Tarascio says examples of her clients include a professional man going through both bankruptcy and a divorce; a married couple seeking help in adopting a stepchild; and a divorced couple who are struggling with paperwork in modifying an uncontested custody and child support agreement.
“I think there has always been a large segment of the population who didn’t qualify for legal aid but could not afford traditional attorneys,” she says. “Now, more than ever, the legal profession must adapt to meet the needs of a changing society. With this model, clients have a greater deal of both control and responsibility.”
Tarascio is currently providing all the legal services, but she says two other attorneys are positioned to take clients as soon as demand increases. One is Pete Schannauer, a general practice attorney, and the other is Ann Kneeland, who is currently in private practice but has legal aid experience including domestic violence counseling. — Ted Taylor
Blessing the Water
Takilma-Siletz spiritual elder Agnes Baker Pilgrim, aka Grandma Aggie, will join the Willamette Valley Grandmothers’ Council for a celebration and blessing of the Willamette River at 2:30 pm Sunday, April 26, at EWEB Plaza along the Willamette River. The free event is open to people of all ages.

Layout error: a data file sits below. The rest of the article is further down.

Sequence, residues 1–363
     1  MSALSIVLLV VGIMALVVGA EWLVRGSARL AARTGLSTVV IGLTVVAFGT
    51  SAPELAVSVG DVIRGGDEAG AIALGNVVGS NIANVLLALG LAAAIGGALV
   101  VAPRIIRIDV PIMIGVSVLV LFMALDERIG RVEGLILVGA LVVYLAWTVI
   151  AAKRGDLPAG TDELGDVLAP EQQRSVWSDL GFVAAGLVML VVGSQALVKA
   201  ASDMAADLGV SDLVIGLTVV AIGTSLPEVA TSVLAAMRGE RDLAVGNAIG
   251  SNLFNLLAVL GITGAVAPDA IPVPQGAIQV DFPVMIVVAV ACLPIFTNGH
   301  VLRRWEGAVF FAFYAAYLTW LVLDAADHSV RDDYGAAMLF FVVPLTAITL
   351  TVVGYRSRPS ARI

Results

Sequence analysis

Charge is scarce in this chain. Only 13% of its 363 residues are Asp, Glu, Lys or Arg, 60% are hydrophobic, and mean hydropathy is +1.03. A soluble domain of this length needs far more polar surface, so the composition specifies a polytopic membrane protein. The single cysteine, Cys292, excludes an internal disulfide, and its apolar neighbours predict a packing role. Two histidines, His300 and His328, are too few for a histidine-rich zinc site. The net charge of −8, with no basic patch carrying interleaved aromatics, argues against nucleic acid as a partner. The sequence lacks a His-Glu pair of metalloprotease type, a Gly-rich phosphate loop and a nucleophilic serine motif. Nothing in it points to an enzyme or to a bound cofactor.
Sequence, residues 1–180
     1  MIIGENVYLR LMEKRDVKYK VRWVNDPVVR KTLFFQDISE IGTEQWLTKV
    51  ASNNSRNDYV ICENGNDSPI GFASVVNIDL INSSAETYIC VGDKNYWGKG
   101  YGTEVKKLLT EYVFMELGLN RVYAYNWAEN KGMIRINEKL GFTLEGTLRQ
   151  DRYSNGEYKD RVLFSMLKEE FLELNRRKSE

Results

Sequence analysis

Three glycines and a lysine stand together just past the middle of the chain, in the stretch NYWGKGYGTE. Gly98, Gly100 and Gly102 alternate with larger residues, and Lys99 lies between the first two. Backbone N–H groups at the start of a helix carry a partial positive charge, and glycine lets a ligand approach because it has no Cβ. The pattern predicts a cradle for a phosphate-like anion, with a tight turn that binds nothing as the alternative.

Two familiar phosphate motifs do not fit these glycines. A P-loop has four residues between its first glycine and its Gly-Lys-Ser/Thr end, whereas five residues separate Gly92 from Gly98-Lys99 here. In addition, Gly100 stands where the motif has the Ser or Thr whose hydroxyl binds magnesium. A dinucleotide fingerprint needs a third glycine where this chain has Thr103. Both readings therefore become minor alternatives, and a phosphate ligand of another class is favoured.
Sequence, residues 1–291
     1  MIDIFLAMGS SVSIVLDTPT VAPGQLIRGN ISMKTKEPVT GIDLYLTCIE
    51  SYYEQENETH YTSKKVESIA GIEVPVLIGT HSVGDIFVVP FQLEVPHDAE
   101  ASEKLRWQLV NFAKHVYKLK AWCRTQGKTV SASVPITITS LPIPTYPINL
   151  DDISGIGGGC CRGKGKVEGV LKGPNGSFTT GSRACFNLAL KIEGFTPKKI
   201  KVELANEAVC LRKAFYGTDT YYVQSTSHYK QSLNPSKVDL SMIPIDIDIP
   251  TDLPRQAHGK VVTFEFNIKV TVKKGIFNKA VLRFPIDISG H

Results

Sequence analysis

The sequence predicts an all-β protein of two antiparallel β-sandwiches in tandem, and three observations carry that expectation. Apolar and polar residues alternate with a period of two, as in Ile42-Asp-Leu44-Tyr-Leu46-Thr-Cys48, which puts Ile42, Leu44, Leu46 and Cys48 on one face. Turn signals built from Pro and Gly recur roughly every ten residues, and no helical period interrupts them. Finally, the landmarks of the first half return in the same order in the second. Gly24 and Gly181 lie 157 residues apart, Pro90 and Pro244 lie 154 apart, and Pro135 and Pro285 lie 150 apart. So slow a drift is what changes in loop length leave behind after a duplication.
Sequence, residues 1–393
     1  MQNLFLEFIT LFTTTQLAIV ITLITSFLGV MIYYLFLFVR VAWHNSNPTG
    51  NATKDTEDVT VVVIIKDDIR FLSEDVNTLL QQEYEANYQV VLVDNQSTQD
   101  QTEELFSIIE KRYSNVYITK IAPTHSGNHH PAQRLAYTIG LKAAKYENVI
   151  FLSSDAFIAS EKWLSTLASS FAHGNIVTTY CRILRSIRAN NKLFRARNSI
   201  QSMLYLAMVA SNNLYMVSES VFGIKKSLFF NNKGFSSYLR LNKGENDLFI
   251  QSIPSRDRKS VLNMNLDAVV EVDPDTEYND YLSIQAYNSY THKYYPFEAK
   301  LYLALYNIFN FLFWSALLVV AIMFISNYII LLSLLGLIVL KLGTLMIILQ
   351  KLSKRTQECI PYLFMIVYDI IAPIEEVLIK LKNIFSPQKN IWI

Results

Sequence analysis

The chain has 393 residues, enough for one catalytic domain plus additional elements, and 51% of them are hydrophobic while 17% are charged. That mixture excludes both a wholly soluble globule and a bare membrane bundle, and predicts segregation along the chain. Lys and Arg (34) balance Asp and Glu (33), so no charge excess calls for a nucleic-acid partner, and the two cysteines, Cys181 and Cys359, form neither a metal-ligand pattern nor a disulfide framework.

Pilgrim is the oldest living female member of the Takelma Band of Rogue River Indians, originally from southern Oregon, She was chosen by her tribe as a “living legend” and travels worldwide, says Sue Supriano, who interviewed Pilgrim for her web-based radio series at www.suesupriano.com
“Agnes is an ambassador for our Mother Earth. She is a spiritual elder of the Confederated Tribes of Siletz and granddaughter of Chief George Harney, the first elected chief of the Confederated Tribes of Siletz,” says Supriano. “She is a world-renowned spiritual leader, elder mentor to the Native American Student Union of Southern Oregon University, and keeper of the Sacred Salmon Ceremony.”
Pilgrim is also chair of the International Council of the 13 Indigenous Grandmothers, and she is expected to make an announcement at the Sunday event regarding an upcoming visit to Oregon this summer by the global organization.
“We grandmothers are speaking out, singing out, praying out to enact and teach right relationship with our sacred and precious river water,” she says on her website, www.agnesbakerpilgrim.org — Ted Taylor